Here is one of the great myths in American sports: we love the underdog. We don’t. What we love is greatness, in seeing people do things that have never been done before.
Which brings me to Jordan Spieth.
If you’re like me, you watched the British Open with great interest last weekend, through the wind and rain, over the burn and into the gorse. You watched right up until Spieth drew back his wedge into the valley of sin and rolled a putt from the fairway over a mound and past the cup on his 72nd and final hole of the tournament. And then you clicked off the Open once it went to a three-man playoff involving Zach Johnson, Louis Oosthuizen and Marc Leishman.
Once Spieth was out, so was I.
And so, presumably, were you.
First, a word on Spieth’s finish at the British, in which he missed a makeable par putt on the 17th green and yanked his tee shot left on 18. Right then and there, no matter what anybody says, he was feeling the burden of history. A choke? Technically speaking, yes. But even someone like me wouldn’t label Spieth a choker, an honor that is now indisputably reserved for Dustin Johnson.
Ah, poor DJ. First he three-putted from 12 feet on the 18th green at the U.S. Open to blow the tournament. Then, after shooting 10-under par during the first two rounds of the British, he went out in the third round, when everyone was blistering the course, and shot a 75, essentially losing six strokes to the field. He duplicated the performance on Sunday, posting another 75 that left him at minus-4 and all but buried in a pot bunker on the old course at St. Andrew’s.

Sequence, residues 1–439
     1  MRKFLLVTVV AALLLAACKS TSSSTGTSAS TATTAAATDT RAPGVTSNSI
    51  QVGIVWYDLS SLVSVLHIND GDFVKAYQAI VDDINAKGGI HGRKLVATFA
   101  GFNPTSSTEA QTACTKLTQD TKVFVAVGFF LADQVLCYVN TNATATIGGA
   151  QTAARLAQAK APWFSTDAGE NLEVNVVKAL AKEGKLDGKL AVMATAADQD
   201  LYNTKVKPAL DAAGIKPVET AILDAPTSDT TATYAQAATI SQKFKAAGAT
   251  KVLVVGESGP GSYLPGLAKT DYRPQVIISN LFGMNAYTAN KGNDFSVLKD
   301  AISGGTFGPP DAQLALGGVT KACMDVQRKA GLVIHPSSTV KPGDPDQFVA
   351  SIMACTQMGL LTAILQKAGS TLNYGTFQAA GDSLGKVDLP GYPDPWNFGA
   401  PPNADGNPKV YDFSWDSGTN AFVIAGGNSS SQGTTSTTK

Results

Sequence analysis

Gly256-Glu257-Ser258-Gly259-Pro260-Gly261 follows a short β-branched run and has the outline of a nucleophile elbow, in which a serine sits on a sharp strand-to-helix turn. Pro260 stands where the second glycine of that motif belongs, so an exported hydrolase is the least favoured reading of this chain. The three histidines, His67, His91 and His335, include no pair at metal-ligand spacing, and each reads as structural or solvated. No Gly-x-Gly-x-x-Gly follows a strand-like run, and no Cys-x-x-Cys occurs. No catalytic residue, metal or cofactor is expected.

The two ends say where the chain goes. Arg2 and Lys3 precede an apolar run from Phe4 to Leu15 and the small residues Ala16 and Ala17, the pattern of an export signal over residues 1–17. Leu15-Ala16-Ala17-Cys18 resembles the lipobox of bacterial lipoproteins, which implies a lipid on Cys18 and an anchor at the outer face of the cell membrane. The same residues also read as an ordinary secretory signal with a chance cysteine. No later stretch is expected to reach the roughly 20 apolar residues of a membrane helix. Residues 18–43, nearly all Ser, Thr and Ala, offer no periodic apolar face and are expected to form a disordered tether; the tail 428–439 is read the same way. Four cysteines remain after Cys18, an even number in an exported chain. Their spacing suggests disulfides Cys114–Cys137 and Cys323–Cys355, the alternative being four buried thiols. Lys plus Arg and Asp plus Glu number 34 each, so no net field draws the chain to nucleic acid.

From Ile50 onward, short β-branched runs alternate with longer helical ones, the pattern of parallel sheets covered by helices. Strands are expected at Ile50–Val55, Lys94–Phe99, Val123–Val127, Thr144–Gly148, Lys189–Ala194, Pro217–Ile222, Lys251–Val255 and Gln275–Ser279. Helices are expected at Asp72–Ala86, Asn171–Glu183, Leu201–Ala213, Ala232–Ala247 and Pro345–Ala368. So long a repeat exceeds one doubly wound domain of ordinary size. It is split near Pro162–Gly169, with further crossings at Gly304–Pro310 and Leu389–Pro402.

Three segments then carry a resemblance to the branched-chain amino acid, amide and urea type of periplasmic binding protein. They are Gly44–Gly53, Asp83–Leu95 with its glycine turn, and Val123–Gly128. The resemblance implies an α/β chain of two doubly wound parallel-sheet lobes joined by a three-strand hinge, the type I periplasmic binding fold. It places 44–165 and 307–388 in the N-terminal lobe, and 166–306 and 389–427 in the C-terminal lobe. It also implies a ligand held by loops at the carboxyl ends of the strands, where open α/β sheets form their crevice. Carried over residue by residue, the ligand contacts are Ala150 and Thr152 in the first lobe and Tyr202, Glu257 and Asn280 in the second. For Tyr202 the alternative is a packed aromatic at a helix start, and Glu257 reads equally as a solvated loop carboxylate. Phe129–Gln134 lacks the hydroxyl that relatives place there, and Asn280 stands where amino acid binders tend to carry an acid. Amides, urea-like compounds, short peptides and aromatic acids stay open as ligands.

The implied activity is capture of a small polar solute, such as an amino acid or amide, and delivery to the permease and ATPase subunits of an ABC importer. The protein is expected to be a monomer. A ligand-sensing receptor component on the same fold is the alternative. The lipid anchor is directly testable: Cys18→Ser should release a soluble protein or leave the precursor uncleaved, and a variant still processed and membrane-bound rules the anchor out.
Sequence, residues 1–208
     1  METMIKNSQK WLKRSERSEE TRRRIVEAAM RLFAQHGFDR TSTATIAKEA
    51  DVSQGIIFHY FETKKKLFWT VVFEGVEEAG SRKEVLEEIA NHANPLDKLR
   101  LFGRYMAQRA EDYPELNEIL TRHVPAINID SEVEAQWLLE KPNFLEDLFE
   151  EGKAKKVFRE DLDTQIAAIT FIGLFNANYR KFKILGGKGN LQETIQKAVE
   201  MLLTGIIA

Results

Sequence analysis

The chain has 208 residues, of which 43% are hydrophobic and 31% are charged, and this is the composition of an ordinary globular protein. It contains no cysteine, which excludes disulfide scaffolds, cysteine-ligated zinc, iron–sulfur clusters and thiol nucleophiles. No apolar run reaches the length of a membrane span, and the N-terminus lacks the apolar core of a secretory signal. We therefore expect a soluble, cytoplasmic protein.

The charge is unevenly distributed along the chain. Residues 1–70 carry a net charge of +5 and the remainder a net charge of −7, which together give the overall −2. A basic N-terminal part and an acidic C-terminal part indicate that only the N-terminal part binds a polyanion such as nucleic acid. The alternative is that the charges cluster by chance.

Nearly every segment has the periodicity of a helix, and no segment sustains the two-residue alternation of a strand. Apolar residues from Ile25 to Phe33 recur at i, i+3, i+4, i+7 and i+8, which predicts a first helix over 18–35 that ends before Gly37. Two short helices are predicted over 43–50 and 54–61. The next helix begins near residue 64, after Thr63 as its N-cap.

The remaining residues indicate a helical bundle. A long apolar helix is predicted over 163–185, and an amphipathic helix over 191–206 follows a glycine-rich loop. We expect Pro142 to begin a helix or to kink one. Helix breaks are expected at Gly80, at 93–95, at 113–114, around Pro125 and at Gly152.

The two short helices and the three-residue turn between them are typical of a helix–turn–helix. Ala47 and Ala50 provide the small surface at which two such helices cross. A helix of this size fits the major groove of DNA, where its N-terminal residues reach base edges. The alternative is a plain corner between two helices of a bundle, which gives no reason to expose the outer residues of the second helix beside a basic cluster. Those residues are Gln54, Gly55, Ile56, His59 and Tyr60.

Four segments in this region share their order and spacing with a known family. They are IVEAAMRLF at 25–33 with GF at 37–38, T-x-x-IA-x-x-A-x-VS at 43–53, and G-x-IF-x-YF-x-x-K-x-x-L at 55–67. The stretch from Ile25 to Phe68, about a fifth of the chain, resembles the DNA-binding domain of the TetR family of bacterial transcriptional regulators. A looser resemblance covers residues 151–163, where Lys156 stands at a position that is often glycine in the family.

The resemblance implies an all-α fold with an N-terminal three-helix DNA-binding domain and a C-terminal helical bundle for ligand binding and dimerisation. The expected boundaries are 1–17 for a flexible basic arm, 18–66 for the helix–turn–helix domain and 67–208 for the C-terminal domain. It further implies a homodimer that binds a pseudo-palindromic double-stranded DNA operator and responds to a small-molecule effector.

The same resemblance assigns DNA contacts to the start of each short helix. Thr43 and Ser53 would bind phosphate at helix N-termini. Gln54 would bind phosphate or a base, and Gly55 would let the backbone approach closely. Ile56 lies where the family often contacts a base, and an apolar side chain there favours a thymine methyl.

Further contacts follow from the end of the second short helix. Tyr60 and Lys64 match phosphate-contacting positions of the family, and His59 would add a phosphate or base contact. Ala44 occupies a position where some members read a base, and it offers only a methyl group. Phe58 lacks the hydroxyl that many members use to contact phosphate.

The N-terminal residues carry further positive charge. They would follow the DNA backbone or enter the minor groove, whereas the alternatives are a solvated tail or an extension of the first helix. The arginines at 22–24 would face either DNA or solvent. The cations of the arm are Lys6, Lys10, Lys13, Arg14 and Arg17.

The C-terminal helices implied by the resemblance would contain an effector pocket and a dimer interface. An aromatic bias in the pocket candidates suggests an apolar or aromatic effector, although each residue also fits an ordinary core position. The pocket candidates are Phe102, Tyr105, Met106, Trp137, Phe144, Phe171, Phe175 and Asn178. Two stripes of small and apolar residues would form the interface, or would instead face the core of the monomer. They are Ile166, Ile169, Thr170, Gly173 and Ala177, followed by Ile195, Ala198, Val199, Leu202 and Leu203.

Beyond that – and Spieth – the most memorable part of the Open may have come on the 17th tee on Monday, when Phil Mickelson hooked his tee shot onto the balcony of the hotel, evoking memories of Mickelson’s ill-advised tee shot on the 18th tee at the 2006 U.S. Open. The championship wasn’t on the line this time and Mickelson didn’t hit the hospitality tent, but, well, you get the idea.
At that moment in 2006, Mickelson was on the verge of winning his third straight major championship, following the 2005 PGA Championship and the 2006 Masters. Instead, he began a streak during which he went winless in the majors for almost four years, until the 2010 Masters.
All of this brings us back to Spieth, the soon-to-be 22-year-old who is the most captivating American golfer since Eldrick T. Woods.
Spieth blistered the field at the Masters, then won the U.S. Open. He came within a shot of qualifying for the playoff at the British, officially finishing in a tie for fourth. Just as the golf world was buzzing about Rory McIlroy, the 26-year-old Northern Irishman with four majors, Spieth burst onto the scene and triggered what could be a trans-Atlantic rivalry for the ages.
Independent of that, here’s what I want: for Spieth to continue blistering the field. Golf could use a talent like him. Players like Spieth are card-carrying members of Tiger Youth, spawned by the one-time greatness of Woods. The hope now for him should be to accomplish something near what Woods did – maybe more – which is obviously a preposterous expectation given Spieth’s limited resume.
But admit it: that’s what you’re thinking. That’s what we all are. No one is really interested in seeing Rickie Fowler win his major, a second or even a third. Not really. What we’re interested in now is in seeing whether Spieth can dominate the golf landscape – at least on this side of the pond – for a length of time that would get him somewhere close to double digits in major championship titles.
Who wants parity?
We clearly have a chance here for something much, much better.
Tony Massarotti is an avid Boston sports fan and has covered sports in Boston for more than 15 years for both the Boston Herald and Boston Globe. He now serves as a co-host on afternoon drive on 98.5 The Sports Hub in Boston. He was a two-time Massachusetts Sportswriter of the Year as voted by his peers and has written four books, including “Big Papi,” the New York Times-bestselling memoirs of David Ortiz. You can follow Tony @tonymassarotti.